Circuit breakers on 240V lines typically come in 30A, 40A, and 50A, but other sizes are, of course, available. US building code also states that for continuous use (meaning the appliance will be on for three hours or more at any given time), the maximum current should be *derated to 80%* of the breaker’s faceplate rating. Therefore, per the US building code for continuous use, the most you can draw from a 30A breaker is 0.8*30 or 24A. Using what we learned in high school physics, we can create a table of the most power an EVSE should draw from a circuit based on the rating on the breaker (assuming it is wired appropriately by a licensed electrician).

Breaker rating | Highest power allowed for continuous use at 240V |

30A | 240*30*0.8 = 5.76 kW |

40A | 7.68 kW |

50A | 9.6 kW |

You can get bigger breakers, and many cars today can actually take that much power. But for simplicity’s sake, I will limit the discussion to these three sizes. For a deeper discussion on how much power you need for a home charger, check out Tom’s YouTube video on the topic.

**How Long Does It Take to Charge at Home?**

Going back to the electricity-water analogy I presented during our high school physics review, think of charging the battery like you would filling a bathtub (or pool). How long does it take to charge? How much are you going to put in, and at what flow rate?

If your EV has a 100 kWh battery and you’re charging from zero, then the answer is pretty simple – you’re going to “fill up” your battery with 100 kWh of electricity. Doing that with 10 kW of power will take 100/10 = 10 hours. It’s as simple as that.

But rarely will you charge your car from zero – this is also Tom’s point in his “How many amps” video I linked above. If you plan to plug in essentially every day, and you typically drive only 40 miles a day, you only need to add 40 “miles’ worth” of energy (electricity) when you plug in. You will also want to consider the atypical case of returning after a long weekend and wanting to be fully charged the next morning. Only you can answer the question of how many miles’ worth of charge you need to return to your car during a charging session.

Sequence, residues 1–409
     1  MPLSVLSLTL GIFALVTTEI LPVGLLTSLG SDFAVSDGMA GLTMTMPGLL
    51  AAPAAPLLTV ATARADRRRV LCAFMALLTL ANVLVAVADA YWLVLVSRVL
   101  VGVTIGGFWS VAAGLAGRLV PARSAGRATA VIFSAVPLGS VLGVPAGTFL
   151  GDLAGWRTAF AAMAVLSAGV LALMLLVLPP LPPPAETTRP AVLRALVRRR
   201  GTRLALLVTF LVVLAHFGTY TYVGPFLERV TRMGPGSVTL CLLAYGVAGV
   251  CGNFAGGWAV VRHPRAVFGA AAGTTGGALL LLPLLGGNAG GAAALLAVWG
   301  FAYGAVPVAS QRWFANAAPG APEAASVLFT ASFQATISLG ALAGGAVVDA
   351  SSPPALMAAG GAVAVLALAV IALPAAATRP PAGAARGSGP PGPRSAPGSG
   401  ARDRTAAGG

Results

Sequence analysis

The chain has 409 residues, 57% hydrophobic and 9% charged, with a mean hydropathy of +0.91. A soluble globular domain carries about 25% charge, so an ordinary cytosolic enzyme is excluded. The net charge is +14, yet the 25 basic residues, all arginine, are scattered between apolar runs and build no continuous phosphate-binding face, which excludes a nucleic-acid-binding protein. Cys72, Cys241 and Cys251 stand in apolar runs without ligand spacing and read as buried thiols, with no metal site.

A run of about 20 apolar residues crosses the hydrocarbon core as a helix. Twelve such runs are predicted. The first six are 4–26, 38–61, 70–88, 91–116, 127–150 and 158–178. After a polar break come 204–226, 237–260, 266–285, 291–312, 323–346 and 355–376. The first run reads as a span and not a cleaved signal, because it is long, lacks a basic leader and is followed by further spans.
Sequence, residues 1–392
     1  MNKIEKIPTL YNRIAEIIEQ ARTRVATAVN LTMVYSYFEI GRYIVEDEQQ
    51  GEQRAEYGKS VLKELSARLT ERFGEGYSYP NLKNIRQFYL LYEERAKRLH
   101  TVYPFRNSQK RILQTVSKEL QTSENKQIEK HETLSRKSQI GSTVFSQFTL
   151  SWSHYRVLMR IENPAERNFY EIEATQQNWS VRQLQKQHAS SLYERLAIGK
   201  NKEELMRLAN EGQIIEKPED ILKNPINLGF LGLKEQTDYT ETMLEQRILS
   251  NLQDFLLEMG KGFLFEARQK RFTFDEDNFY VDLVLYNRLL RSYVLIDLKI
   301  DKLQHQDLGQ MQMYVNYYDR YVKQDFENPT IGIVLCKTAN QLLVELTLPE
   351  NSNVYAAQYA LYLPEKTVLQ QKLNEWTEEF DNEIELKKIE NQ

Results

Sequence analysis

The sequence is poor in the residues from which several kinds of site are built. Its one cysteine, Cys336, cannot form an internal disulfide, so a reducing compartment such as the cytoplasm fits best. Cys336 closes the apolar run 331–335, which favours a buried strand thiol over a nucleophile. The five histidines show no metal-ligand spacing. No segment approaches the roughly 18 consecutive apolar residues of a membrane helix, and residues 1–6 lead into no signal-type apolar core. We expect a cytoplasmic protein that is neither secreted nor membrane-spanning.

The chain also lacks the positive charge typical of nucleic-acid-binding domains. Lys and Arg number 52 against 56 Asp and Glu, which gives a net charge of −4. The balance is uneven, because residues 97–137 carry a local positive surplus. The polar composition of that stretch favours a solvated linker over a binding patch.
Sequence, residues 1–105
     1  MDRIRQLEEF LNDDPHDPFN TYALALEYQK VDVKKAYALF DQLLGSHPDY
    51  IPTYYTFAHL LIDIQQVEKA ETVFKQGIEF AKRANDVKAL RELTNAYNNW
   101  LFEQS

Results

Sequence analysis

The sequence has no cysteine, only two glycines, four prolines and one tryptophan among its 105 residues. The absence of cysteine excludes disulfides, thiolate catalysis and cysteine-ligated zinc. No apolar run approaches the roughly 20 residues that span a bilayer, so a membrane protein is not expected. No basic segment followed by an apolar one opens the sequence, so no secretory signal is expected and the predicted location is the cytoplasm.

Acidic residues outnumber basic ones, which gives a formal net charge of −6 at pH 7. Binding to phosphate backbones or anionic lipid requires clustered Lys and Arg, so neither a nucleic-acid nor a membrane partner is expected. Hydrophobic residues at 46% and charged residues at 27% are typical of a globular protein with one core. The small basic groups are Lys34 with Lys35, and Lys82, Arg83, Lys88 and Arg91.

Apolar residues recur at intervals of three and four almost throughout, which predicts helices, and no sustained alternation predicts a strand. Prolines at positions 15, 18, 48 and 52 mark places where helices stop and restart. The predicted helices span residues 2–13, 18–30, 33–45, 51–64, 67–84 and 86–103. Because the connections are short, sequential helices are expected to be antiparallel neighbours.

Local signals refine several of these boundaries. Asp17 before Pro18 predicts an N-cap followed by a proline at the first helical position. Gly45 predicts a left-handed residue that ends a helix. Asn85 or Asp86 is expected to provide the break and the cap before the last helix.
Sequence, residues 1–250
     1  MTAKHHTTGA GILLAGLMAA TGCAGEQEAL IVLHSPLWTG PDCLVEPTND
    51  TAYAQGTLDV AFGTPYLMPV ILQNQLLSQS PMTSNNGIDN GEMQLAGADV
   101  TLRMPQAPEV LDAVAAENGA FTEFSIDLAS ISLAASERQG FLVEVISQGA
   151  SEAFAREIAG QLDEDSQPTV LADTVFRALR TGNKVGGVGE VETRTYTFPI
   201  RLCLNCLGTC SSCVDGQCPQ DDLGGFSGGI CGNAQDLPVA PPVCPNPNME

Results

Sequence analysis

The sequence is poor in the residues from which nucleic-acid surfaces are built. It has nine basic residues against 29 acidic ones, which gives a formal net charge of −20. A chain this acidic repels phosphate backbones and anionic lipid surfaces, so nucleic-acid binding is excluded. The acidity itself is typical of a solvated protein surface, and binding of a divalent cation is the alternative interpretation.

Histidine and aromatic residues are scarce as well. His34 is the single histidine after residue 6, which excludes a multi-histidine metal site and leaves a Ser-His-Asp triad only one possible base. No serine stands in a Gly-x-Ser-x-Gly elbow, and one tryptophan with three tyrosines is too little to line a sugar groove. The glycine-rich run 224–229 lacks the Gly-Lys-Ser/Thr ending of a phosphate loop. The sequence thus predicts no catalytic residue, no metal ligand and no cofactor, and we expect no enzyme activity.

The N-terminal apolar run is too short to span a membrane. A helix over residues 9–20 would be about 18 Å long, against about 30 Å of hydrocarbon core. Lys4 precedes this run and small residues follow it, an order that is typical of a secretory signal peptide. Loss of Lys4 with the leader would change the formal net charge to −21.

The missing item in this discussion is the car’s efficiency. For discussion, assume your EV gets 4 mi/kWh. Let’s also assume you’ve decided that you need to reliably charge your car for 100 miles worth of energy. That’s 100/4 = 25 kWh of energy you need to return to the battery. How long will that take?

The final variable in this discussion is how capable your EVSE (charger) is. Assuming that a 7.68 kW hour EVSE returns 100 miles for an EV with an efficiency of 4 mi/kWh, you’d want to calculate (100/4)/7.68 for an answer of about 3 hours and 15 minutes.

Using the EVSE power levels from the table above, and plotting the time to charge for various EV efficiencies and EVSE power levels, yields a family of curves like this:

**How Much Will It Cost to Charge at Home?**

So far this has been a somewhat “math-intense” discussion, but for me at least, this is the hardest question to answer – how much will it cost? Google informs me that there are 1,600 electrical utility companies in the US. Each is going to have its own rate schedule. Electricity rates vary not only by utility but also by time and how much electricity you consume. Whew! That’s a lot of variability.

EnergySage tells me the average electric rate in the US is 23 cents per kWh. It goes on to explain that it can be as low as 10 cents in Idaho and as high as 28 cents in California. But I’m here to tell you that is fake news.

My electric utility, PG&E in California, has time-of-use rate plans that can be as high as $0.53 per kWh during peak summer periods. On the other end of the scale, at least one electric utility in Texas allows you to charge your car for free so long as you do it between 11:00 pm and 6:00 am.

Chances are your utility has a plan that will incentivize you to charge at night. If that plan works for you, great.

Armed with your energy rates, calculating how much it will cost to charge your car at home is as easy as multiplying two numbers together.

For example, if your EV’s efficiency is 4 mi/kWh and you’re paying 25 cents per kWh, it costs you 4*0.25 = $1 to drive a mile. If you drive 1,000 miles per month in that same car, your costs are 1000 miles/4 mi/kWh = 250 kWh per month of energy at $0.25 per kWH is 250*0.25 = $62.50. The graph below shows the costs to drive 1,000 miles for EVs with varying efficiencies.

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Next week we will talk about EVs and water. There seems to be a lot of uncertainty out there, so let’s address it head-on.